Brrr…the cold weather is finally here. Whether you are a pro athlete or outdoor enthusiast, fueling up for cold weather workouts takes careful planning. Winter hydration is one of the biggest challenges for athletes. Just because it’s not hot out, we think that we don’t need to drink fluids, and some athletes even lighten their fluid intake to reduce the need to urinate. No one likes to peel off five layers! In cold weather, cold beverages are not what we crave.
Winter athletes, especially skiers at high altitudes, need to consciously consume fluids to replace the water vapor that gets exhaled during breathing. Breathing in cold dry air causes the body to use its own fluid to humidify that air. You can see the vapor when you exhale. To help hydrate, drink warm drinks like hot cider, hot chocolate, teas and others.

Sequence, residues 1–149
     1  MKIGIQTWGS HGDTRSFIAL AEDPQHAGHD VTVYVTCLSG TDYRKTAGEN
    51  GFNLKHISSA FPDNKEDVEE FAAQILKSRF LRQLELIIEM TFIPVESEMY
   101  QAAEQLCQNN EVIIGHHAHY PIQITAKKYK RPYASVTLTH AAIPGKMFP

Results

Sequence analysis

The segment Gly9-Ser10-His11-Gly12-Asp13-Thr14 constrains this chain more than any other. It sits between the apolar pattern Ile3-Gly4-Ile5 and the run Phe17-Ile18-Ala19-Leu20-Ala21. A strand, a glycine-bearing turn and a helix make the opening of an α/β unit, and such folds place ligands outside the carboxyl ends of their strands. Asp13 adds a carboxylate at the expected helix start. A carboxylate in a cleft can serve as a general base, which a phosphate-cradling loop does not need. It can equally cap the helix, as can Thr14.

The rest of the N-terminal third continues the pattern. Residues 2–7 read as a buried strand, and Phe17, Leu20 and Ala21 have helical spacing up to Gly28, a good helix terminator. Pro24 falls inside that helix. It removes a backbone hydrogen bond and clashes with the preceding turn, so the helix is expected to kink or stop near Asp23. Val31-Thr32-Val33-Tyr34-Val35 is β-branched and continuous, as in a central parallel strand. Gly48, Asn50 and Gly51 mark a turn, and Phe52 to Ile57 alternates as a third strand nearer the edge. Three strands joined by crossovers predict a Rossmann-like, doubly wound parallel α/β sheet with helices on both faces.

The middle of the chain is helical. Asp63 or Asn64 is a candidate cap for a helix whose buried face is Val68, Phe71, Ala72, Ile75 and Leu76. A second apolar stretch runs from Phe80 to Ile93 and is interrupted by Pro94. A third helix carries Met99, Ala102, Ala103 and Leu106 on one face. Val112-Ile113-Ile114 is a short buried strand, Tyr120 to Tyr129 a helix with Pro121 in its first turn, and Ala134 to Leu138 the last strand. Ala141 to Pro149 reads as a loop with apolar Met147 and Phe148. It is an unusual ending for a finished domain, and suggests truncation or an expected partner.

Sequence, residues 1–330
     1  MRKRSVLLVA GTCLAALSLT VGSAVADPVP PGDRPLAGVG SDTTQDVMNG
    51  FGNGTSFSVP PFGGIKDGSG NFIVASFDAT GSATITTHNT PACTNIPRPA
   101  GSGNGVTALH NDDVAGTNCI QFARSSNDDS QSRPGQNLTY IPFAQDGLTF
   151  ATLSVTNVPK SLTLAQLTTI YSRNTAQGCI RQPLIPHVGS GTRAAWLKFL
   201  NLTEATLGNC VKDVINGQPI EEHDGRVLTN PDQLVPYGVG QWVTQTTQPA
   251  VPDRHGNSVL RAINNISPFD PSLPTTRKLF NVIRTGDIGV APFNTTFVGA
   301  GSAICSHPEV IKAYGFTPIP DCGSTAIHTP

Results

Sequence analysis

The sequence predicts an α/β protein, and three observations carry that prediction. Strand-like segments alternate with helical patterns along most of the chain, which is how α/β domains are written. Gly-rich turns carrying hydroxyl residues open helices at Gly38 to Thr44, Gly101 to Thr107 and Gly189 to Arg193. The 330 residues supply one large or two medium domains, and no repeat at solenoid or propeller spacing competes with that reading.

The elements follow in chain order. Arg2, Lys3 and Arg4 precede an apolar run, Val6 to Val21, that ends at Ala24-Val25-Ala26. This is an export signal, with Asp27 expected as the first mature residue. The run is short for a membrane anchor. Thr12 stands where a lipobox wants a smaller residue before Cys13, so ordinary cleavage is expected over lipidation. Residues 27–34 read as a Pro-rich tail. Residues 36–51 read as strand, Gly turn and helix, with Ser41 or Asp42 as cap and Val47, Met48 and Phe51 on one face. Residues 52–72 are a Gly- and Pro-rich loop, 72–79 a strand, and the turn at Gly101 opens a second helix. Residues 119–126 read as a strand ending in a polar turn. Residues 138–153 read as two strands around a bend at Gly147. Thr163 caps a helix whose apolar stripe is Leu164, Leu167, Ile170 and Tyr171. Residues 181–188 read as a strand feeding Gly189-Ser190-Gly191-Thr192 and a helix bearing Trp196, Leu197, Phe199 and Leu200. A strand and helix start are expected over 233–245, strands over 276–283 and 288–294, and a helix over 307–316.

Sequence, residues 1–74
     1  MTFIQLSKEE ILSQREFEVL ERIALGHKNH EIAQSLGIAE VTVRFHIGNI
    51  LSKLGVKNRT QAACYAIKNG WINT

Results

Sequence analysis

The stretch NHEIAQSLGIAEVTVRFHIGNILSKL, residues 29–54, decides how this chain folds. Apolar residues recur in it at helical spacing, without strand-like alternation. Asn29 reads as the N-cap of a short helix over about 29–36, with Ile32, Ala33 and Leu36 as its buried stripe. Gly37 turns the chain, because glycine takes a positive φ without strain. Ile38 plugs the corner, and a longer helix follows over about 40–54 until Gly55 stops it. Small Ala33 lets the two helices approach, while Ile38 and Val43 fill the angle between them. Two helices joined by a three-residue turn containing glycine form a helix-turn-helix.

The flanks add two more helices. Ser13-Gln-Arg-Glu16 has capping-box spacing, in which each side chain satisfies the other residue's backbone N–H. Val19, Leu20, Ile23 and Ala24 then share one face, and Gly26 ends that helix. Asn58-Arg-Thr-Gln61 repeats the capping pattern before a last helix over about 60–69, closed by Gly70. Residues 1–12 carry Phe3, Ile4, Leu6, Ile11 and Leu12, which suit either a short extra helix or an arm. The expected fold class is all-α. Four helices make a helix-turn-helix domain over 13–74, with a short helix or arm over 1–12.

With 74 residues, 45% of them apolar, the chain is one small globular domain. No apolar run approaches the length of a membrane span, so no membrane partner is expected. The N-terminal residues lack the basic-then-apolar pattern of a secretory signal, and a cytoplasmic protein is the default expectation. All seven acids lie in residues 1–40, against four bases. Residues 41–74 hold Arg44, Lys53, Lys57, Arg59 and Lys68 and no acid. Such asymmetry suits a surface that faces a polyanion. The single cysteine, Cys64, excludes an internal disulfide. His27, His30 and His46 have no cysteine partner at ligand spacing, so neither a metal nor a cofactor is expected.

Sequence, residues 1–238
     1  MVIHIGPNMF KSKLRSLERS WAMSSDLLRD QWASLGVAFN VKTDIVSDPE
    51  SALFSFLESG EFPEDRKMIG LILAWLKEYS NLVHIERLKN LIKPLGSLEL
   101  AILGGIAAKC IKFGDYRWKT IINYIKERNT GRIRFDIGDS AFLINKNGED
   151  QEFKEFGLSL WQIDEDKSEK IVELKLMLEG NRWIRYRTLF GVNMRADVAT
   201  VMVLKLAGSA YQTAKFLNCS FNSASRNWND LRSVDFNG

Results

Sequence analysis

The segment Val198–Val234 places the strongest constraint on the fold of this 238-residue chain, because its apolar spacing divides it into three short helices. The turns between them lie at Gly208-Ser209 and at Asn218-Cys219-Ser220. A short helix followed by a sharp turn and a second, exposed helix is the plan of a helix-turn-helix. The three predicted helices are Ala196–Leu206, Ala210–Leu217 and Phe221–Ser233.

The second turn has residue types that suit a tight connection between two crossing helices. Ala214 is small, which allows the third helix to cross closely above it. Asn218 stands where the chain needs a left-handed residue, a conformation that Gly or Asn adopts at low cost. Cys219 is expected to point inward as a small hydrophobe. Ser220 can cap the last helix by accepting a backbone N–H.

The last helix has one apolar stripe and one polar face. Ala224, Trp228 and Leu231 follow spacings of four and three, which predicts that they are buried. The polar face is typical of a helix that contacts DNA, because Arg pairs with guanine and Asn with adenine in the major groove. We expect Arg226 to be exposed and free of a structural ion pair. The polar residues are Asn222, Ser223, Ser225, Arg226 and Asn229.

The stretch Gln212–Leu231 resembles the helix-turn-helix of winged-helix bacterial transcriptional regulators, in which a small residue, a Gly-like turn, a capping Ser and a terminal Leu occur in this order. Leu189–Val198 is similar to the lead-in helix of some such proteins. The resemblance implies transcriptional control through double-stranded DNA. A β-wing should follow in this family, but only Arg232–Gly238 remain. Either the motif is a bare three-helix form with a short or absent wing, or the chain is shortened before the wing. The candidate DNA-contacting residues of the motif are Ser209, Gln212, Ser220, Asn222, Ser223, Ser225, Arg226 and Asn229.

A drop in body temperature stimulates appetite and hunger. This is because your body craves fuel to generate heat, just like a wood stove that needs wood to burn. If your body temperature drops and you start to shiver, this is the body’s way of generating lots of heat – you can expend up to 400 calories per hour trying to keep warm. Shivering can quickly deplete the body’s muscle stores of glycogen and drain your energy. Shivering while exercising outside could turn a normal 600 calorie-burning workout into an 800 calorie event, leaving you drained.
Before going out into the cold, be sure to consume foods high in complex carbohydrates two hours prior to exercise. Recovery foods should be eaten within the first 30 minutes post-exercise to fuel your muscles and help them recover for the following day’s events. In the winter, recovery foods also act to chase away the chill. Soups, chili, bread, bagels, pasta with tomato sauce, baked potatoes, cereals, peanut butter, and low-fat cheese are all good choices. For long outdoor events such as skiing, plan ahead and bring energy bars, chocolate bars, trail mix, bananas, and sandwiches. And most importantly, push those fluids!